The studies on the recto of this sheet relate to the two standing apostles at the far right in Rubens’s Assumption of the Virgin in the Kunsthistorisches Museum, Vienna (Fig. 1). In the large altarpiece, Rubens transformed the young models of this drawing into mature, bearded men reacting with awe and astonishment to Mary’s ascent into heaven on a cloud ringed by a host of little angels. The Harvard work is one of five surviving studies for the disciples and holy women who witness the event. Rubens executed these detailed chalk drawings after he had established the composition of the group in the oil modello on which he based the lower register of the altarpiece (Fig. 2).
Wielding the black chalk with broad, economical strokes, Rubens concentrated on the heads and on the arm and hand of the one model gently grasping the other youth’s shoulder. Only the face and forearm of this apostle appear in the altarpiece, where Rubens moved his hand to the right shoulder of his fellow disciple, instead of the left, as in the oil sketch and drawing. In the study for the apostle with raised arms at the upper left of the sheet, the model’s head is seen from behind and his face is nearly averted. At the lower left, Rubens drew the same head in full profile, as he would represent it in the painting. Finally, the foreshortening of the figures in the drawing anticipates the perspective of the altarpiece, where the scene is depicted from a lower viewpoint than in the modello.
On April 22, 1611, the chapter of Antwerp Cathedral reviewed two oil sketches by Rubens depicting variant compositions of the Assumption and Coronation of the Virgin, including the modello he would adapt for the lower half of the Vienna painting (see Fig. 2). Although the canons deferred their plan to commission a painting of the Assumption for the high altar, Rubens, perhaps expecting the project would go forward, proceeded to work on a full-scale altarpiece. He could have undertaken the chalk studies of apostles and holy women shortly after the chapter meeting or some months later. The watermark in the paper of the Harvard drawing provides some support for an early date. It is so nearly identical to the watermarks in Rubens’s Study for Christ for “The Elevation of the Cross” (1949.3) and two figure studies in Rotterdam that the four sheets must have been manufactured and purchased from the mill at the same time. Study for Christ is datable between June 1610 and the spring of 1611, and both Rotterdam works relate to paintings of 1609. That Studies for Apostles is on paper from the same batch reinforces the case for dating it to 1611.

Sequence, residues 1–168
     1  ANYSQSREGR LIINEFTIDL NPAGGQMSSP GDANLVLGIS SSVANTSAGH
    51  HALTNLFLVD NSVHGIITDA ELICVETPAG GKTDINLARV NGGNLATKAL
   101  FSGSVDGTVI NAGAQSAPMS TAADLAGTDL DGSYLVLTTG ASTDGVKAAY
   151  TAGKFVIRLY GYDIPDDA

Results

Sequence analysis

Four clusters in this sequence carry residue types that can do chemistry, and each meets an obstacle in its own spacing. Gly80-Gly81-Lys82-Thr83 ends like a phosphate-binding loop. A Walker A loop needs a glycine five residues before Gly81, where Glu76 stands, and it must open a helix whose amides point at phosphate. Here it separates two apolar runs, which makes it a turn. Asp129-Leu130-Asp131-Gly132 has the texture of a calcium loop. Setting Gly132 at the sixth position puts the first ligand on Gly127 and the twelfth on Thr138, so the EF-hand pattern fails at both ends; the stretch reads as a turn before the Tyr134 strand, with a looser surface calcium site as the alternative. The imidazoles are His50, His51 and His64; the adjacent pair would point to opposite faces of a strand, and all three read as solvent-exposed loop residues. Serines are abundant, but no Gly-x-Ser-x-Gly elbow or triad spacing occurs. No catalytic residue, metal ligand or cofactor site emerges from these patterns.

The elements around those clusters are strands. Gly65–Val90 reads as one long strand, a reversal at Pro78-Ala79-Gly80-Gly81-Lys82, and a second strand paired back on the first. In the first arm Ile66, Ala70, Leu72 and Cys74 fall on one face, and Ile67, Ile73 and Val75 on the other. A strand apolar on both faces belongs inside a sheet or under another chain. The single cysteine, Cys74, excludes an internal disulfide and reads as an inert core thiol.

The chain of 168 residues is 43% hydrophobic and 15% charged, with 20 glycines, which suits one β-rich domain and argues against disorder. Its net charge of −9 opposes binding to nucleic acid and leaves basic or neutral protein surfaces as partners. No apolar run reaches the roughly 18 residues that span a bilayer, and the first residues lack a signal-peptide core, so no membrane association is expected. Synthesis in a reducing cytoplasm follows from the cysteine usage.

Rubens finished the Assumption about 1612–14, but the commission for the high altar of the cathedral languished for several more years. He retained the painting until the early 1620s, when an Antwerp family acquired it for the altar of the Mary Chapel in the new Jesuit Church.
The drapery study on the verso of the Harvard sheet may relate to the dress of the woman in the lower register of the altarpiece closest to the center of the composition, although the correspondence is not exact, and only part of the right side of the skirt is visible in the finished work. Its technique is consistent with the rendering of the folds and textures of clothing in several of Rubens’s drawings, although, like the recto, it was not worked up with white chalk.